- To add media to your profile, click the Me icon at the top of your page, then select View profile from the drop-down menu. Click the Edit icon at the top of your profile to the right of your picture, and under Media select either Upload to add a media sample from your computer or Link to add it via a website. Edit the title and description as needed, click Apply, then Save.
3. Experiment with native video
Last year, the company launched LinkedIn Video, a built-in tool that lets you upload vlogs and other clips to showcase your professional thoughts and experiences directly to the social network. Much like presentations and photos on your profile, these videos can give people greater insight into who you are as a professional, Long says.
- This feature is available in LinkedIn’s iOS and Android apps. To record or upload a video, tap the video button next to the status update box.
- After you post a video, you can view audience insights such as the top companies, titles, and locations of your viewers, plus how many views, likes, and comments your videos received.
4. Better optimize your profile for search
LinkedIn uses proprietary algorithms to order the results users see when searching for people on the site, it says. LinkedIn determines relevance based on a number of factors, including your profile’s content.
“There are many important things to do to optimize a LinkedIn profile to be found via search,” Long says. “Some of the most-critical elements include uploading a headshot, using a keyword-rich headline and summary, including your industry and geography, generating a custom URL, completing three or more entries under your Experience section, and completing your Education and Skills sections.”
Optimizing your profile is important for a variety of reasons, Dodaro adds. You want others to find you via search not only if you’re in the market for a new job, but also if you’re interested in landing more speaking opportunities.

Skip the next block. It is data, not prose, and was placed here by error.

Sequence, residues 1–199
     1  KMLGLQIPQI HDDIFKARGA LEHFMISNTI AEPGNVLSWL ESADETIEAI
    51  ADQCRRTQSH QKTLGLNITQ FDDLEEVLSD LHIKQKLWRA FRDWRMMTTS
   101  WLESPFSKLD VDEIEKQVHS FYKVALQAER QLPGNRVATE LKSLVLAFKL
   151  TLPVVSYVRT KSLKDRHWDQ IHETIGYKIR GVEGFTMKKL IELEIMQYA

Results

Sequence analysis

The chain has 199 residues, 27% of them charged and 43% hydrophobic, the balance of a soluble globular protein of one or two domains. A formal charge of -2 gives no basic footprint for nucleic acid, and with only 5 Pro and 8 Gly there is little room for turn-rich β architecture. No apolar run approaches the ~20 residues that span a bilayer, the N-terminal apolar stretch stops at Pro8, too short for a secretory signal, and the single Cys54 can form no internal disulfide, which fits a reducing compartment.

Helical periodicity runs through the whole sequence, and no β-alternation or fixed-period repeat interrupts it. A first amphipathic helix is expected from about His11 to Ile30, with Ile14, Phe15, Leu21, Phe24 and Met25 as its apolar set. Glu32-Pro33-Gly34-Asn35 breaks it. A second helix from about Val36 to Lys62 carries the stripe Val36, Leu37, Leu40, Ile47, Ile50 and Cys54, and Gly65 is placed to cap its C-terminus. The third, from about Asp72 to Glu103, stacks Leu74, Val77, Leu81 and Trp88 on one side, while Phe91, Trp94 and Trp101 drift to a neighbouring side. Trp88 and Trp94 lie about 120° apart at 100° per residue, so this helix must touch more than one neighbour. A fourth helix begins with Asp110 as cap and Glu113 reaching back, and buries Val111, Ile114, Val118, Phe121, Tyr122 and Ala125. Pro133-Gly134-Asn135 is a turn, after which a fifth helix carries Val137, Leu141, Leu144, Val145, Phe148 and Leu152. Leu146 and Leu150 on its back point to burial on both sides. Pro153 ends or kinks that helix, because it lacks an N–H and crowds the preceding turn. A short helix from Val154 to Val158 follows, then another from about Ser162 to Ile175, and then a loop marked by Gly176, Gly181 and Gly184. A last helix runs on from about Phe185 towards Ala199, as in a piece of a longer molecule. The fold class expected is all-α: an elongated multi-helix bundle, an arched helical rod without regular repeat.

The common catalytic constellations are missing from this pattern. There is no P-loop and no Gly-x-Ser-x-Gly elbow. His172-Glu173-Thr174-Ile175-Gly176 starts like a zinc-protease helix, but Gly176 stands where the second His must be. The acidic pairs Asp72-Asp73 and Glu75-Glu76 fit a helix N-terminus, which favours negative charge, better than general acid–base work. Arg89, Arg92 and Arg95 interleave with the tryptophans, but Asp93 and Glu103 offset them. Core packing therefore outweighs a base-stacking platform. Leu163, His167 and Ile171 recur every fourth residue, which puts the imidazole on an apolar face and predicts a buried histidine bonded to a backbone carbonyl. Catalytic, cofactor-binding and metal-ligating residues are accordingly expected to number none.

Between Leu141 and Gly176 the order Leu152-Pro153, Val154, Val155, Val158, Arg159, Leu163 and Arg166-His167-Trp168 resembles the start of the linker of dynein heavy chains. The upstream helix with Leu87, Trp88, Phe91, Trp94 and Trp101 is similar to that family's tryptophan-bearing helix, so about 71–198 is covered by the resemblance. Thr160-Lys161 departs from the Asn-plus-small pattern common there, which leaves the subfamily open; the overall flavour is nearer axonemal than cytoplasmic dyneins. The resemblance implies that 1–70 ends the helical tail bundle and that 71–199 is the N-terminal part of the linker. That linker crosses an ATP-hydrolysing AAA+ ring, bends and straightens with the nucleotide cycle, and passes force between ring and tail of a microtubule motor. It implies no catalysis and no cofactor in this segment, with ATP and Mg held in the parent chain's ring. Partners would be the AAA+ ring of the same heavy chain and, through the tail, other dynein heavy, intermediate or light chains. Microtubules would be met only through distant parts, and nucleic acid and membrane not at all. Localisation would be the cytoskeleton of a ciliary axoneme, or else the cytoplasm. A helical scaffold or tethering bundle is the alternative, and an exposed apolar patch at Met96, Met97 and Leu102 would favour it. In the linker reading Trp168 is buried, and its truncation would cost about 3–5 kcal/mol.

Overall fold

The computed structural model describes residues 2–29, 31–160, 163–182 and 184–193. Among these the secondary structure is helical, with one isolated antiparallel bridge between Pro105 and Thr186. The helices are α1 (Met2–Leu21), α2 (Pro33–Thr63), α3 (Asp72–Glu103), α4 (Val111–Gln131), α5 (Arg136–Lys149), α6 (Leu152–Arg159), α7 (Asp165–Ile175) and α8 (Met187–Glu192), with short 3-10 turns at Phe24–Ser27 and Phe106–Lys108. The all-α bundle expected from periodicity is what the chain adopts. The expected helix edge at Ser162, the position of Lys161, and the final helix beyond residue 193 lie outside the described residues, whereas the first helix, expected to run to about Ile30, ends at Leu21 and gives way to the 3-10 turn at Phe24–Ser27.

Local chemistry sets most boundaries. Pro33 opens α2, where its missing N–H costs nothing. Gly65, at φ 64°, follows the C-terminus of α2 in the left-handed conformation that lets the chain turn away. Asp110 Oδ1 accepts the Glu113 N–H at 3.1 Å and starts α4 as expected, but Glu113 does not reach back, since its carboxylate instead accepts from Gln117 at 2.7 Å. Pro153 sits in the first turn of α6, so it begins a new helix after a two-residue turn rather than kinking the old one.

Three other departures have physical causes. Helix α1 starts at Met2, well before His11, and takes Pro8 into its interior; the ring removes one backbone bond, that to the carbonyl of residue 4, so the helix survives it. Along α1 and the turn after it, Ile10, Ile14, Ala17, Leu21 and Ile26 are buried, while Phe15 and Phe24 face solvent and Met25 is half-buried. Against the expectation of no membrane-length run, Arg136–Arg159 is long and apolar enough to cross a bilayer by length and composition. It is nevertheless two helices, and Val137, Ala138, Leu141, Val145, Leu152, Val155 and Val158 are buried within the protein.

- Make sure your profile includes sensible, related keywords to boost your LinkedIn search relevancy.
- Don't go too far. LinkedIn warns that users shouldn’t try to game the system: “If you integrate an extended list of keywords into your profile, it’s likely that your profile will be filtered out by our spam detection algorithms, which will negatively impact your appearance in search results."
5. Engage more with others
One way to up your networking ante is by engaging with other people’s content, Long says. This includes liking and commenting on content that appears in your feed and participating in LinkedIn Groups, for example.
“Engaging with other people’s strategic content is a great way to learn and network with your industry,” she says. “The side benefit is increased visibility as you post, comment, or like specific content.”
Conversely, consider publishing your own content inspired by your professional expertise, experiences, and anecdotes. They could be as short and simple as sharing an interesting article, image, or video with your network, or writing your own post – all of which can be done at the top of your feed.
To reach more people, LinkedIn recommends directly mentioning a user when appropriate, asking for responses and feedback, adding hashtags, and replying to users who comment on your posts.
“It’s important to remember that your LinkedIn profile is your personal brand,” Dodaro says. “Think about the message you want to convey and the first impression you want to give. [LinkedIn is] where people go to learn more about who you are.”
Want more wisdom like this, IT leaders? Sign up for our weekly email newsletter.